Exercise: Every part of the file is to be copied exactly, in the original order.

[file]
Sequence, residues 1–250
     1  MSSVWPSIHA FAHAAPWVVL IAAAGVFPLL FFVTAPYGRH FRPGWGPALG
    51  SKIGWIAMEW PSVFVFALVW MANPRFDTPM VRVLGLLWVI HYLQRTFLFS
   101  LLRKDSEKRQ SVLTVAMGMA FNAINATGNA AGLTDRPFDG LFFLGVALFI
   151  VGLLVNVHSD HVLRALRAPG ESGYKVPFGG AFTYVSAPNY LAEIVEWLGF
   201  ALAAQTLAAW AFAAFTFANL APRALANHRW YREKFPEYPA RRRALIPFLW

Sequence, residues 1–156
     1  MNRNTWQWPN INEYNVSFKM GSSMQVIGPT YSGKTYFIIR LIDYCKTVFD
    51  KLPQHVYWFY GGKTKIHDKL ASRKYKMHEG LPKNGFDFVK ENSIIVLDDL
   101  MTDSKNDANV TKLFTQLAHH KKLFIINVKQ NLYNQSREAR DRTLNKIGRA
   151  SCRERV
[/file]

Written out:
Sequence, residues 1–250
     1  MSSVWPSIHA FAHAAPWVVL IAAAGVFPLL FFVTAPYGRH FRPGWGPALG
    51  SKIGWIAMEW PSVFVFALVW MANPRFDTPM VRVLGLLWVI HYLQRTFLFS
   101  LLRKDSEKRQ SVLTVAMGMA FNAINATGNA AGLTDRPFDG LFFLGVALFI
   151  VGLLVNVHSD HVLRALRAPG ESGYKVPFGG AFTYVSAPNY LAEIVEWLGF
   201  ALAAQTLAAW AFAAFTFANL APRALANHRW YREKFPEYPA RRRALIPFLW

Sequence, residues 1–156
     1  MNRNTWQWPN INEYNVSFKM GSSMQVIGPT YSGKTYFIIR LIDYCKTVFD
    51  KLPQHVYWFY GGKTKIHDKL ASRKYKMHEG LPKNGFDFVK ENSIIVLDDL
   101  MTDSKNDANV TKLFTQLAHH KKLFIINVKQ NLYNQSREAR DRTLNKIGRA
   151  SCRERV